The status of star Michigan defensive back Daxton Hill is uncertain for the No. 2 Wolverines as the 7:30 p.m. ET Friday kickoff of their College Football Playoff semifinal game against No. 3 Georgia in the Orange Bowl approaches. The Michigan Insider reported Wednesday that spokespeople for the program have not responded to questions about whether Hill traveled with the team to the game. Michigan players made available to media on Wednesday deferred responses to coach Jim Harbaugh.
Harbaugh is scheduled to address the media on Thursday, at which point some clarity on Hill’s status could be provided. Hill is a key cog on the back end of the Wolverines’ defense, where he earned First-Team All-Big Ten honors this season for his play in the nickel back position.
Hill is Michigan’s second-leading tackler with 65 tackles, including 4.5 stops for loss. He also has two interceptions and nine pass deflections. The former five-star prospect from Tulsa, Oklahoma, has been a presence since his true freshman season in 2019 when he appeared in all 13 games and transitioned to a starting role late in the season.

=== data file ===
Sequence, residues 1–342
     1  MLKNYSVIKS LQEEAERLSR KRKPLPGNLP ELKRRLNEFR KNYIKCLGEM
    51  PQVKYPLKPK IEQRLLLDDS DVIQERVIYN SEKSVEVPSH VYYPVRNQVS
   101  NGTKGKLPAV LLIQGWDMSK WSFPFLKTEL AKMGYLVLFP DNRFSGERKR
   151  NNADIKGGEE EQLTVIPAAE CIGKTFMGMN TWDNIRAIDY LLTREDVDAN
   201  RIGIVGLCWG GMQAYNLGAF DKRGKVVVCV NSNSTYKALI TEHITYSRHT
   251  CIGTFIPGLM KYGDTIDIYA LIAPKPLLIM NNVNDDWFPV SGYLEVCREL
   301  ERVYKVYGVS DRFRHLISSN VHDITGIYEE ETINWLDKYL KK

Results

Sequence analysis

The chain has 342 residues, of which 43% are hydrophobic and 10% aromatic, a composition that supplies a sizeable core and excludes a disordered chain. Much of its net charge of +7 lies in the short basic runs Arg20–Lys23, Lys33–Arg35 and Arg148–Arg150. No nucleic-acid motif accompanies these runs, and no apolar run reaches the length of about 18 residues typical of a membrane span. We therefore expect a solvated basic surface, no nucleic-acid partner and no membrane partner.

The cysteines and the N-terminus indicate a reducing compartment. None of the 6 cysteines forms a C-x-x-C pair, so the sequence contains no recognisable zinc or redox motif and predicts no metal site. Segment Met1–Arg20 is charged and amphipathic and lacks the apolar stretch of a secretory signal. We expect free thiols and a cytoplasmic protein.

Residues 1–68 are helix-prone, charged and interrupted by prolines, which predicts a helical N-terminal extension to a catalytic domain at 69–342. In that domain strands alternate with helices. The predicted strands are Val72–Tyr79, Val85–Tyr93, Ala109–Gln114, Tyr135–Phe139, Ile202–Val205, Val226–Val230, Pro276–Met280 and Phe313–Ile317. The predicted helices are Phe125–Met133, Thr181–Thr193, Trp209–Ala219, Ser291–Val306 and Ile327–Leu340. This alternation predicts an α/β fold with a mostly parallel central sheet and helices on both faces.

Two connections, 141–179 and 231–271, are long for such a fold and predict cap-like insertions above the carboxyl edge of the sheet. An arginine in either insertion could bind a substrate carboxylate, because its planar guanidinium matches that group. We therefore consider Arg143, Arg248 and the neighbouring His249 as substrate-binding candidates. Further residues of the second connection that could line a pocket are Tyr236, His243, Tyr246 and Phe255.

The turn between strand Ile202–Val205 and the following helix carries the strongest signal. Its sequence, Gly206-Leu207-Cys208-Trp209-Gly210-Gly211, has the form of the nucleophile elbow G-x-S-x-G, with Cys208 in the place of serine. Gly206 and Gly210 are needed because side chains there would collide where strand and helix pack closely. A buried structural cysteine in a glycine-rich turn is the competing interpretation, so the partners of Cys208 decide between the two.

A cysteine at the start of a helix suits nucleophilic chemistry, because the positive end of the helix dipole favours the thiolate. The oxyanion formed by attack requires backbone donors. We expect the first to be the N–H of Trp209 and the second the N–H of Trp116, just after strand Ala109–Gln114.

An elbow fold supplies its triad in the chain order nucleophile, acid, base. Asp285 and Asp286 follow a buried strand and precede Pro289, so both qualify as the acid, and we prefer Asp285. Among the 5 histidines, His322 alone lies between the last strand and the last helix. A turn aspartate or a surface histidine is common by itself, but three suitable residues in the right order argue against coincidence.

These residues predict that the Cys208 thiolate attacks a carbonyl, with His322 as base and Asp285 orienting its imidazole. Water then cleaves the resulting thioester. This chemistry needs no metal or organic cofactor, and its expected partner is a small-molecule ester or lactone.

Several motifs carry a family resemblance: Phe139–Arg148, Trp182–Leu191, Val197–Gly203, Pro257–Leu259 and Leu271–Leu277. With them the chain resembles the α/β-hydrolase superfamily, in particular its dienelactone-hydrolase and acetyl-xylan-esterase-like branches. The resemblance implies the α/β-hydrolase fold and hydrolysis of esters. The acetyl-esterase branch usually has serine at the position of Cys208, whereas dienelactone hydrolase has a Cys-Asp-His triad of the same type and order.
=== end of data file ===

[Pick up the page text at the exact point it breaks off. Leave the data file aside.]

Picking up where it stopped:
He then started every game at safety in 2020 before sliding to the nickel slot this season. Hill’s versatility has helped him catch the eye of NFL scouts. He ranks No. 25 overall in the 2022 CBS Sports NFL Draft Prospect Rankings and comes in as the No. 6 rated defensive back in the class. In a mock draft updated by CBS Sports’ NFL Draft writer Ryan Wilson on Tuesday, Hill was taken No. 23 overall by the Philadelphia Eagles.
“He’s underrated nationally but watch him play and it becomes clear pretty quickly that he’s in the running for one of the best defensive backs in this class,” Wilson wrote. “He’s listed as a safety but he can line up anywhere.”
Part of the speculation about Hill’s status appears to stem from the fact that his brother, Baltimore Ravens running back Justice Hill, was placed on the NFL’s reserve/COVID-19 list on Christmas Day. However, the Wall Street Journal reported on Saturday that Michigan was the lone program among the four CFP participants that kept its players from going home over Christmas in order to mitigate risk of COVID-19 exposure.